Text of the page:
Since we are in the Philosophy, Science and Religion forum, I think it's OK to bring this up, as gently and respectfully as possible. One of the "unspokens" that seem to be underlying some of this discussion: I expect some of us here, and probably some among the policy makers of the government, believe that the earth and the people of the earth are under divine protection against ecological worst-case scenarios.
I'm offering no opinion about it -- but I wonder if we see this affecting the way we view the problem of ecological damage, and how we see it?

Point #1: I just finished reading The Worst Hard Time, by Tim Egan. It's the story of the Dust Bowl in the Great Plains. I believe you can come real close to "killing" the earth. The Great Plains still have not recovered from the Dust Bowl.
Point #2: I myself am a Christian. Though a member of an evangelical church, I am not in lockstep with the rest of the congregation when it comes to political issues. I have often wondered if this is the reason Christians generally reject any type of environmental issue. Lately I understand that many Christians are getting on to the environmental bandwagon, finally seeing that what we do to the earth, affects all of us, and that we need to take care of God's creation.

my two cents...
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maisky 
Posted: 29-Mar-2007, 12:27 PM
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QUOTE (haynes9 @ 29-Mar-2007, 07:16 AM)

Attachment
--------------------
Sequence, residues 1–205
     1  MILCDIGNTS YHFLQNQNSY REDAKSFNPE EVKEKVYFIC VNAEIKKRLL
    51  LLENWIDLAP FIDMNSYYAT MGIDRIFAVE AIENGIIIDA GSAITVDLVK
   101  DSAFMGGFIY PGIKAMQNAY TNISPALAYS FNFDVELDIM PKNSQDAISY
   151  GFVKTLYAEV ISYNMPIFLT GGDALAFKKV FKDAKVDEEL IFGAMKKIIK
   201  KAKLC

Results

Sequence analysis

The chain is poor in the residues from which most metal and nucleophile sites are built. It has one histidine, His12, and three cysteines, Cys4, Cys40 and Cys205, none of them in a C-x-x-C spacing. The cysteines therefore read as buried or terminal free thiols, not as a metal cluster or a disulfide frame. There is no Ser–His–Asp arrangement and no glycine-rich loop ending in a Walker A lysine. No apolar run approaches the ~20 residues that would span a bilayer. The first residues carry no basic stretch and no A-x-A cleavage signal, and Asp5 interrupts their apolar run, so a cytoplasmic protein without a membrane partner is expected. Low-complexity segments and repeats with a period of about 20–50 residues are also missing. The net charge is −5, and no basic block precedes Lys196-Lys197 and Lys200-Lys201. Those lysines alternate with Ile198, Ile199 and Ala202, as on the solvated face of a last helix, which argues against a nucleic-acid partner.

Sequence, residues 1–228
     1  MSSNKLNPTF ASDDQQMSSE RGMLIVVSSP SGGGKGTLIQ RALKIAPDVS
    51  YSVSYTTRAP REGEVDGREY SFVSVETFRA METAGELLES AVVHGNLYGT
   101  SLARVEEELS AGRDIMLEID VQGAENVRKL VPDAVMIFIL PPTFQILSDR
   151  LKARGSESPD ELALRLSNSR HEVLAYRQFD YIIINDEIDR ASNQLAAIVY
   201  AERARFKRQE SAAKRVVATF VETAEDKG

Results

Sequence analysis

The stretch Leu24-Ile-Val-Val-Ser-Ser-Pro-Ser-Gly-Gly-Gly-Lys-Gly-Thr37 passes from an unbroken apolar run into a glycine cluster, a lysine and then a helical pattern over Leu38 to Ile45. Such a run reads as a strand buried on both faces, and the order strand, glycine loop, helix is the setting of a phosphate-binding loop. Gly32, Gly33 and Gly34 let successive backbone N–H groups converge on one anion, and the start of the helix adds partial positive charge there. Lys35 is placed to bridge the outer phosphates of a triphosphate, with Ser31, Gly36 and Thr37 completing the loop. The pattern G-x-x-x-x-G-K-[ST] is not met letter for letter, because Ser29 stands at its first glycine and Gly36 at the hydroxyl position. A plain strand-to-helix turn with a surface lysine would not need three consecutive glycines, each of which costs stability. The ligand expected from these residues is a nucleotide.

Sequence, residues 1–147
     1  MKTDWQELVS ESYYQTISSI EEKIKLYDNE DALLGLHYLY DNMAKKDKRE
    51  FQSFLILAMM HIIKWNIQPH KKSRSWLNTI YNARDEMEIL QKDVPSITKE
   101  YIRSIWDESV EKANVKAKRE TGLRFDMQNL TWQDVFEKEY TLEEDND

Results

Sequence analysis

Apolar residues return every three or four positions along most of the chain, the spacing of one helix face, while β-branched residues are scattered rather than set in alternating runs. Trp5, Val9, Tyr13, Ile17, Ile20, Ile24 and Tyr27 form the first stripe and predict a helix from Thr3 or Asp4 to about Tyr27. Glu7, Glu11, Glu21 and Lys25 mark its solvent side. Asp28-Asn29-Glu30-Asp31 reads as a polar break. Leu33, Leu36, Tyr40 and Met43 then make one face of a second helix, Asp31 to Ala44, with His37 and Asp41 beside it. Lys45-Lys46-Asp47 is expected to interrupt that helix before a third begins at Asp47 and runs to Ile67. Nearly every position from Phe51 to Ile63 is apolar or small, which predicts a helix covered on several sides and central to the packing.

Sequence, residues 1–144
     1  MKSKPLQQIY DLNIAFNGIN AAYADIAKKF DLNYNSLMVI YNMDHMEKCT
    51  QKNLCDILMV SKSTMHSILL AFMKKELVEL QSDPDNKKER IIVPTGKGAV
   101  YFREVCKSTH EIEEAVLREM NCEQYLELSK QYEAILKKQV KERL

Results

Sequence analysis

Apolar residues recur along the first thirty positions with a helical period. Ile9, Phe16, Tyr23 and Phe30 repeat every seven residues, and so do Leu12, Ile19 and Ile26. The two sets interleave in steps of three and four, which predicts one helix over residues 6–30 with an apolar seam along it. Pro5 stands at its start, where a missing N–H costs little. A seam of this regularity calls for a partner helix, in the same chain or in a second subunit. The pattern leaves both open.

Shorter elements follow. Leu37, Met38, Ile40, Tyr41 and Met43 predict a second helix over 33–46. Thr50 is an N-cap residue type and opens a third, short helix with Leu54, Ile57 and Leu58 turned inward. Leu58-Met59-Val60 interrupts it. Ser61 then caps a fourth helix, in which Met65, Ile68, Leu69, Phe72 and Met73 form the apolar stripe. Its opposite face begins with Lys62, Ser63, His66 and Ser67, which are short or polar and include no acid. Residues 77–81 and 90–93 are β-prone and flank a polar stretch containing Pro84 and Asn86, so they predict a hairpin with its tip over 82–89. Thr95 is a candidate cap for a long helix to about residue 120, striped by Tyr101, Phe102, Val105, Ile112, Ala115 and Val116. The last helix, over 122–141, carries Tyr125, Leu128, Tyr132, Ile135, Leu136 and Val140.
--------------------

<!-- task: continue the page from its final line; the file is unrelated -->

There are scientists, equally qualified on both sides, who say opposite things.

The problem is that most of the "scientists" who dont believe global warming is real are scientists as their second job. Their first job is as fundamentalist preachers. laugh.gif


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haynes9 
Posted: 29-Mar-2007, 01:19 PM
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QUOTE (maisky @ 29-Mar-2007, 11:27 AM)
The problem is that most of the "scientists" who dont believe global warming is real are scientists as their second job. Their first job is as fundamentalist preachers. laugh.gif

Can you name a fundamentalist preacher who is a scientist that has commented on global warming?

And, of course, every scientist who does not adhere to any kind of Biblical belief ethic is automatically without any preconceived prejudice? When you paint with a broad rush, it just doesn't work. wink.gif

Have a great day!
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stoirmeil 
Posted: 29-Mar-2007, 01:40 PM
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QUOTE (j Padraig moore @ 29-Mar-2007, 11:19 AM)
Point #1: I just finished reading The Worst Hard Time, by Tim Egan. It's the story of the Dust Bowl in the Great Plains. I believe you can come real close to "killing" the earth. The Great Plains still have not recovered from the Dust Bowl.